Master Investor reported on 14th October that the shares in Ferrexpo fell after its CEO and majority shareholder Kostyantin Zhevago was been named as a suspect in absentia by the Ukrainian authorities which are investigating money laundering and embezzlement at a business that he previously owned.
MALTA: PONZI FRAUDSTER CHARGED WITH MONEY LAUNDERING ALONGSIDE DAUGHTERS OF FORMER EU COMMISSIONER
On 14th October, Malta Today reported that a court was told that Marie Eloise Corbyn Klein, 75, who is accused of running a Ponzi scheme was assisted by John Dalli – the former European Commissioner – and his daughters, to process payments from gold investments.
US: PRESIDENT ISSUES EXECUTIVE ORDERS ON GUIDANCE DOCUMENTS AND TRANSPARENCY
On 9th October, an article from Seyfarth Shaw LLP said that President Trump had issued 2 Executive Orders that have the stated intent to make closeted or last-minute agency guidance and interpretations of federal rules a thing of the past. The Orders require notice and publication of the guidance and interpretations along with the creation of comprehensive online databases where they may be easily searched out and found. This is said to be important because many agencies, including the Environmental Protection Agency, the Occupational Safety and Health Administration, and the Department of Labor utilise guidance documents to provide the public, as well as agency enforcement and litigation personnel, with the agency’s interpretation of a policy, procedure or regulation. The Orders are said to be intended to improve public access to internal agency guidance documents and to protect the public from previously-undisclosed interpretations of regulations.
CHICAGO MAN CHARGED WITH RUNNING AN ILLEGAL ONLINE SPORTSBOOK IN COSTA RICA
On 14th October, Calvin Ayre reported that Michael Frontier (aka Ira Goldberg – he is said to have other aliases), 35, is charged with running an illegal sportsbook based out of Costa Rica.
GIBRALTAR BENEFITS FROM ANNOUNCEMENTS IN QUEEN’S SPEECH
A news release from the Gibraltar Government on 14th October claimed that the Queen’s Speech announcing the new legislation for the forthcoming UK Parliament contained good news for Gibraltar – saying that the Financial Services Bill will ‘ensure that the UK maintains its world-leading regulatory standards and remains open to international markets after we leave the EU.’ It further provides that one of the main elements of the Bill is to deliver on the British Government’s ‘commitment for long-term market access to the UK for financial services firms in Gibraltar as part of the UK family’.
UNCERTAINTY ABOUT THE APPLICATION IN THE UK OF NEW EU RULES REQUIRING THE DISCLOSURE OF CERTAIN CROSS BORDER TAX ARRANGEMENTS
An article from Out-Law on 14th October said that there is “considerable uncertainty” about the application in the UK of new EU rules requiring the disclosure of certain cross border tax arrangements, according to a tax law expert. The UK published draft regulations in July on the implementation in the UK of the EU DAC 6 Directive, which is designed to enable tax authorities to share information about cross-border tax schemes with other EU Member States. The consultation period on those regulations ended on 11th October.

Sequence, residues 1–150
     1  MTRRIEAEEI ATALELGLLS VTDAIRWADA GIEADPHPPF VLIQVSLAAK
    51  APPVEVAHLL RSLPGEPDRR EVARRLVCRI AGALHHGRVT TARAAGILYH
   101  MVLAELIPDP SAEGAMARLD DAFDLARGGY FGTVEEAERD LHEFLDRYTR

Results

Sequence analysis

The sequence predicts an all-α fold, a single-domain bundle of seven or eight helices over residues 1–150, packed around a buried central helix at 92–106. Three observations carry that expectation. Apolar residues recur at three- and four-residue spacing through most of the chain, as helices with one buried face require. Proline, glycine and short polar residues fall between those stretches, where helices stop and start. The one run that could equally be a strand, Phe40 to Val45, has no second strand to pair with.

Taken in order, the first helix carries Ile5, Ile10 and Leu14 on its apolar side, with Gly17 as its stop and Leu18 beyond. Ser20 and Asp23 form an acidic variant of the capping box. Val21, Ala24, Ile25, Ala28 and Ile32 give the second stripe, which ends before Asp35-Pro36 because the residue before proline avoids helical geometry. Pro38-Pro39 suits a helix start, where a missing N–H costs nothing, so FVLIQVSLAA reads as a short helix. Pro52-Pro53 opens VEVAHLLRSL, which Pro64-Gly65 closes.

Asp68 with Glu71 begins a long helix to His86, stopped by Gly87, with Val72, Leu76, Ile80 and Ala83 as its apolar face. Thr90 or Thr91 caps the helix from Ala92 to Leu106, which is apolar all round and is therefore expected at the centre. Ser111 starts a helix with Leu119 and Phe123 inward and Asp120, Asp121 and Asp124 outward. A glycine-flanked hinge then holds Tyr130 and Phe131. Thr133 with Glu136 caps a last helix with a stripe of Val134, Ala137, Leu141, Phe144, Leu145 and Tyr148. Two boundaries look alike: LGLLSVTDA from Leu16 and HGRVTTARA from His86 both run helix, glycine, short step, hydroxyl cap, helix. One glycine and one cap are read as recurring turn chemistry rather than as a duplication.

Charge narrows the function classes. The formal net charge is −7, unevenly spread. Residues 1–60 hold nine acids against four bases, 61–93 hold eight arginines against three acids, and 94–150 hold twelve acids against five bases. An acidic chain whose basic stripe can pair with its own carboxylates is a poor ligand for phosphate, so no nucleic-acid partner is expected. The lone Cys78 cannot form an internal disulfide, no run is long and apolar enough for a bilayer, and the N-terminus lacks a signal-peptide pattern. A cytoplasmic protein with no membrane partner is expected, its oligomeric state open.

GUAYAQUIL PORT REMAINS ECUADOR’S BUSY COCAINE GATEWAY TO EUROPE
Insight Crime on 14th October reported that Ecuador’s port city of Guayaquil has long been a key transshipment point for drugs coming from neighbouring countries. In the latest incident, 300 kg of cocaine was seized on 5th September, concealed in a tuna cargo aboard a ship scheduled to stop at ports in Spain and Belgium. Authorities in Ecuador have already seized a total of 55 tons of cocaine in 2019. Guayaquil is the country’s largest city and home to its largest port. In addition to the port of Guayaquil, the article says, Ecuador also sees drugs leave through the port of Puerto Bolivar. However, a former DEA official said that only 3% of the shipments leaving Ecuador ports are searched.
US: CUSTOMS BROKERS OUTLINE BURDENS OF IMPORTER VERIFICATION RULE
On 14th October, American Shipper carried an article saying that the brokers’ trade body NCBFAA generally supports Customs and Border Protection’s goal to protect against illicit importers but said the agency’s proposed importer verification rule has “grossly miscalculated the cost” to customs brokers. It warned that it could become a burdensome requirement for the country’s customs broker industry if certain adjustments are not made. A proposed rule would require a customs broker to collect 12 data elements or documents at the time that a power of attorney is obtained from the importer. According to CBP, there are about 350,000 importers actively transacting customs business with the agency through the nation’s customs brokers, and the agency estimates that the customs broker industry will collectively spend about $22.3 million from 2019 to 2023 to comply with the new rule.